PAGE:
Following is an excerpt from the new novel, Gomez, by Bill Pieper. Join the author at The Book Collector, (1008 24th St., near J) in mid-town Sacramento, 4 p.m. on Sunday, November 13, 2005, for a reading, signing and party to send his new novel GOMEZ (Pacific Slope Press) out to meet the literary public. Future events for the book in the Sacramento and Bay Areas are planned and will be announced when final dates be-come known.

After its launch Gomez will be available in stores and on-line starting November 15, 2005. "The book playfully reincarnates Anaïs Nin and Henry Miller for an update of their legendary love af-fair, this time in 1978 San Francisco at the highwater mark of the sexual revolution. Beyond that, it offers a penetrating look at the manifold issues of how we define personal identity, to ourselves and through our interactions with others." You can purchase his novels on-line at


When Gomez was in his Henry Miller period he lived off Valencia Street near 22nd in a one-room, back-alley apartment. It was San Francisco, of course, not Paris, but the Mission District of 1978 seemed gritty enough to suggest Place de Clichy in the 1930s, especially if you hadn’t been to Paris, which Gomez hadn’t.

He was no writer, either, but he owned all of Miller’s books—the two Tropics, Sexus, Nexus and so on, plus obscure ones like Air Conditioned Nightmare. He even had his version of Anaïs Nin, an artsy banker’s wife from Piedmont named Madeline Klein, who for a while there couldn’t get enough of him. She was my age, 33, while Gomez said he was 38. In fact, like Miller, Gomez had a June in his past, but he was the only one of us who knew it then.

Mad and Gomez always denied a resemblance to the famous literary pair, so I finally stopped bringing it up. But if they didn’t want people making the connection, why were copies of Plexus or Nin’s Diary always lying around while Gomez’s other books, of which he had a lot, were lined up on his wall of sagging board-and-brick shelves? The strangest part, though, is that Gomez was an alias, and that he’d looked far more Hispanic the year before, when I met him in Berkeley under a different name.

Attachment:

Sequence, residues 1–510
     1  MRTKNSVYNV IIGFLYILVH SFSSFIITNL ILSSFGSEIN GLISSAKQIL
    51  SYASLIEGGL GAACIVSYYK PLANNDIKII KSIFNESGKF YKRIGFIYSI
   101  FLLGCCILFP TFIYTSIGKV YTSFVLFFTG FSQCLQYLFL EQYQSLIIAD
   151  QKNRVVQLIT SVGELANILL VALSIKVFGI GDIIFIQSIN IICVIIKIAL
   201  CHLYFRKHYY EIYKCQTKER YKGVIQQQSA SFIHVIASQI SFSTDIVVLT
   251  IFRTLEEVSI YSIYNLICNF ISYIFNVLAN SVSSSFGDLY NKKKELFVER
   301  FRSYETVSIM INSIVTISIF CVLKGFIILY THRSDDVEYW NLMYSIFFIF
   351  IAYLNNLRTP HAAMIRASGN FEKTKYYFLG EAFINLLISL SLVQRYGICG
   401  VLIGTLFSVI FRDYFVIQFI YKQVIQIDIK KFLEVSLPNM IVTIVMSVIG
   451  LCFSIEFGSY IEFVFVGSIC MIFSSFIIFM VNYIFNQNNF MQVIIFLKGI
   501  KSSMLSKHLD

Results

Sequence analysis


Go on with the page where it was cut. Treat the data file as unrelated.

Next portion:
In both cases he was brash, brown-eyed and swarthy, but as Gomez he’d buzz-cut his unruly mane to quarter-inch length, shaved off his Zapata-style mustache, and gone from contact lenses to a pair of round, silver, wire-rim glasses. He’d also Europeanized his wardrobe and changed the way he walked, although I couldn’t swear to the last of those details. Talking to him, you knew he’d been through other transitions, but I somehow expected the Gomez one, because I’d witnessed it, to be the last.

As for Madeline, I thought she was a major babe: strawberry blonde, with long, slightly wavy hair, which she liked to tie up or accent with scarves. No one would dispute that her hair and her wide-gauge mouth were her best features or that she knew how to play them for maximum effect. Given Mad’s coloring, she’d have freckles if she were Irish, but as a Pole she was blessed with clear, wrinkle-free skin, hazel eyes, breasts not so large that they sagged at all, and everything from there down was just right as well. Her face bones were maybe a little pinched, and she’d had a nose-job she assumed people noticed, but the braces her family paid for when she was a kid had given her a memorable smile.

Still, it would have remained another example of the unfulfilled longing I was used to if Gomez hadn’t so pointedly drawn Mad and me together. I was shocked to be made his proxy, but with Mad corroborating his intent, that seemed the only logical explanation. It went with the Henry Miller thing, and never before had a woman pursued me. Nor am I such a moralist that I think bad consequences were inevitable.

There are always multiple turning points in life, and a key one for me was what happened at Mad's that May. I don’t mean the sex. I mean afterward, which I certainly hadn’t planned. How much of it she planned I’ve never known, but obviously some, since I was told in advance where and when to appear. Had I been less nervous and less consumed with carnal thoughts while driving across the bay and while Mad’s maid, Graciela, was letting me in, I might have wondered if I was following a script.